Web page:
Maternal health behaviours and gestational weight gain: relationships with and importance of body image and disordered eating during pregnancy

Tata, J 2012, Maternal health behaviours and gestational weight gain: relationships with and importance of body image and disordered eating during pregnancy, Doctor of Philosophy (PhD), Health Sciences, RMIT University.

Document type: Thesis
Collection: Theses

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Title Maternal health behaviours and gestational weight gain: relationships with and importance of body image and disordered eating during pregnancy
Author(s) Tata, J
Year 2012
Abstract Approximately 30-40% of women gain the recommended amount of weight during pregnancy and most do not report eating and physical activity behaviours in accordance with health recommendations. This is concerning and is associated with poor pregnancy and health outcomes. Interventions that have attempted to promote healthy gestational weight gain (GWG) and positive health behaviours during pregnancy have had limited success. It was the aim of this thesis to investigate the relationship between body image and disordered eating during pregnancy and health behaviours and GWG.

A mixed methods approach was used and 126 Australian pregnant women completed the larger quantitative study. Participants completed a questionnaire at two stages of their pregnancy (within 20 weeks gestation and after 30 weeks gestation) assessing their body image, disordered eating, diet, physical activity, depression, stress, anxiety, self-esteem, social connectedness, fatigue, nausea and vomiting, feelings toward motherhood, and demographic characteristics including GWG. Seventy-seven women volunteered to participate in optional follow-up qualitative interviews and 19 women completed interviews at two stages of pregnancy.

The findings of the quantitative study indicated that experiencing negative body image and disordered eating during pregnancy was associated with poorer health behaviours and unhealthy levels of GWG. However, complex relationships were found with some types of body image distress and disordered eating also associated with healthy eating behaviours (i.e., unique predictors were negative attitudes toward GWG, high concern about GWG, negative appearance evaluation, and cognitive restraint) and healthier GWG (i.e., unique predictors were preoccupation with being overweight and high oral control). It was evident that assessing body image in a comprehensive and multidimensional manner was important to understanding the varying relationships. Furthermore, the observed relationships differed throughout pregnancy indicating how future research may need to consider tailoring treatment programs to the stage of pregnancy.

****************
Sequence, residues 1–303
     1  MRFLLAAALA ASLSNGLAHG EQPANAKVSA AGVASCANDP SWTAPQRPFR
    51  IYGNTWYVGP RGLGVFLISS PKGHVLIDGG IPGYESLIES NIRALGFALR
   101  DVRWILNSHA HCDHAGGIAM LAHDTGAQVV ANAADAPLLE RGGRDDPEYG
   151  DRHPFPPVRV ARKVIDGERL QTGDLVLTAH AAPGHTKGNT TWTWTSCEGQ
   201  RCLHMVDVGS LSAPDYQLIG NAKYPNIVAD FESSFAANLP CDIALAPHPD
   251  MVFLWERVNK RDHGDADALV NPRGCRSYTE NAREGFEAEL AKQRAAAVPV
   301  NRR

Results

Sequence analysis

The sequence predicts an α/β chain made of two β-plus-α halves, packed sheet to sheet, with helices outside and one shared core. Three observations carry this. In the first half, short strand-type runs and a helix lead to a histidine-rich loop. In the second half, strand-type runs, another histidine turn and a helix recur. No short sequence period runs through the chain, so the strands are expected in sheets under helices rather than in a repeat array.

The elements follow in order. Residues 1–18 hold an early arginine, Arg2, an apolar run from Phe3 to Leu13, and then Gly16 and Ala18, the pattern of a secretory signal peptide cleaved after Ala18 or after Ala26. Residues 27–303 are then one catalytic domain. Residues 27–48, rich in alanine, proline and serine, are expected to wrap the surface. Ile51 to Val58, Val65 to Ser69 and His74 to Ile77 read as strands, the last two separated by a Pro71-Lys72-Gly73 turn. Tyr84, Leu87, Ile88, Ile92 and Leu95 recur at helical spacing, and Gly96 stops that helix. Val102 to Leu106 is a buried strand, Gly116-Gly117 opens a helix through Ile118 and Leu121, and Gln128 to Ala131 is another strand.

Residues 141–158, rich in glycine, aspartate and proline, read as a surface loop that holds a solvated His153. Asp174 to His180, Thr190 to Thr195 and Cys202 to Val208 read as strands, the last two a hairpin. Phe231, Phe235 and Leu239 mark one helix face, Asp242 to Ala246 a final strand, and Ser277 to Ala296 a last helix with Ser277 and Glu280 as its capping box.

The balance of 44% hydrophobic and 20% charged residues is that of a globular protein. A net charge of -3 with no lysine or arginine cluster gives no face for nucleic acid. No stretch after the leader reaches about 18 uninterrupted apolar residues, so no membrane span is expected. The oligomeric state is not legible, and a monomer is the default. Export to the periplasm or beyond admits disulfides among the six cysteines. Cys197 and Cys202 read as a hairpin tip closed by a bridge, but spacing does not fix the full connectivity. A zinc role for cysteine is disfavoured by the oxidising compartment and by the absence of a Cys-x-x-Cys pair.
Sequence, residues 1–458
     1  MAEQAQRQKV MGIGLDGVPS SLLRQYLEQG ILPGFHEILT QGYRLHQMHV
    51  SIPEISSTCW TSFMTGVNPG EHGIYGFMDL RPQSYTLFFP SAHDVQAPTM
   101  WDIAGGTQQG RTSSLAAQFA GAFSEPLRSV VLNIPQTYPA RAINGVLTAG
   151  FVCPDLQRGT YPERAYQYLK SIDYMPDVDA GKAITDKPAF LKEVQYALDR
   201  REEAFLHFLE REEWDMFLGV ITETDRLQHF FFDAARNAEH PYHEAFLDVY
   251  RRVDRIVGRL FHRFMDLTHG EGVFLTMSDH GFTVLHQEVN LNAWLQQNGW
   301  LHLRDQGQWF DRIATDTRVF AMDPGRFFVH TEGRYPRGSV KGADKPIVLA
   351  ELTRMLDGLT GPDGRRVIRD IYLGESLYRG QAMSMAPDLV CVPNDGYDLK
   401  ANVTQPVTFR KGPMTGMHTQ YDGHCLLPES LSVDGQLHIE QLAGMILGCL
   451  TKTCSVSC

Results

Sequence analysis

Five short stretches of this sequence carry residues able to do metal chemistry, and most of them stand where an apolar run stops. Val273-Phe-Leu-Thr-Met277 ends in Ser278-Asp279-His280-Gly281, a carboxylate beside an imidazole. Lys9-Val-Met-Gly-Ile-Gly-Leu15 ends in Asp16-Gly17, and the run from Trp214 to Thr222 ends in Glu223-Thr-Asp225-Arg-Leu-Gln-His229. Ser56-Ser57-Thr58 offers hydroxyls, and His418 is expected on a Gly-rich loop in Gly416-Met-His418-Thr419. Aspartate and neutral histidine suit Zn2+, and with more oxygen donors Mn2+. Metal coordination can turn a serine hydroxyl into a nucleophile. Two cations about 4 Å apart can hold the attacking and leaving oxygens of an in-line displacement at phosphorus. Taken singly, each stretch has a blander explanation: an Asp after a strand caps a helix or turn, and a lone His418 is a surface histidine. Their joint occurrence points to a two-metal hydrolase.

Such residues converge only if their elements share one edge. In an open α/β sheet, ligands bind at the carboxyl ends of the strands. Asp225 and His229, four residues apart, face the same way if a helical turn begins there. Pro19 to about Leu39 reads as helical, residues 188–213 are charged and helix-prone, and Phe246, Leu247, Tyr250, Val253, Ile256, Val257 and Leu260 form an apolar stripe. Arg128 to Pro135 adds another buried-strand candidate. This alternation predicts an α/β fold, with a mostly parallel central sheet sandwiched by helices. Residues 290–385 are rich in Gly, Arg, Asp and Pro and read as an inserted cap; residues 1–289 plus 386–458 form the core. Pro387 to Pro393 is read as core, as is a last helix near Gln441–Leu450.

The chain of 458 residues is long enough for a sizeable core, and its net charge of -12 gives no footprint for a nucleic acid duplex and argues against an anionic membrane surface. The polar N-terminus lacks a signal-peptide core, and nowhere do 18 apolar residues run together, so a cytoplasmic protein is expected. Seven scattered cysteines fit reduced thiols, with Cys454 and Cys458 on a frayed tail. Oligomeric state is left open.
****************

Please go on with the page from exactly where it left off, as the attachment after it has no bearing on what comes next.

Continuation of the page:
Thematic content analysis of the semi-structured interviews revealed that women believed body image, social support, and mood influenced their health behaviours during pregnancy. Complex experiences were revealed and women found each of these concepts had both positive and negative effects on their health behaviours. Other physiological, cognitive, behavioural, and environmental factors were also described as important influences on women’s eating and physical activity during pregnancy including feeling tired, powerless, and placing greater emphasis on ‘listening’ to what their body needs.

The findings of this thesis indicate that body image and disordered eating are associated with women’s health behaviours and GWG during pregnancy. Complex relationships were identified; some types of body image and disordered eating were associated with positive outcomes and other aspects with negative outcomes, and these relationships were not always consistent across the quantitative and qualitative studies. The relationships also differed according to the stage of pregnancy considered. Combined, these findings demonstrate the importance of further research to replicate and extend these findings particularly among women with greater disordered eating. The findings of this study provide support for a consideration of psychological variables, particularly body image and disordered eating, in research into the development of interventions aimed at improving GWG and health behaviours during pregnancy.
Degree Doctor of Philosophy (PhD)
Institution RMIT University
School, Department or Centre Health Sciences
Keyword(s) Gestational weight gain
physical activity
body image
disordered eating
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Created: Tue, 28 May 2013, 15:47:29 EST by Brett Fenton
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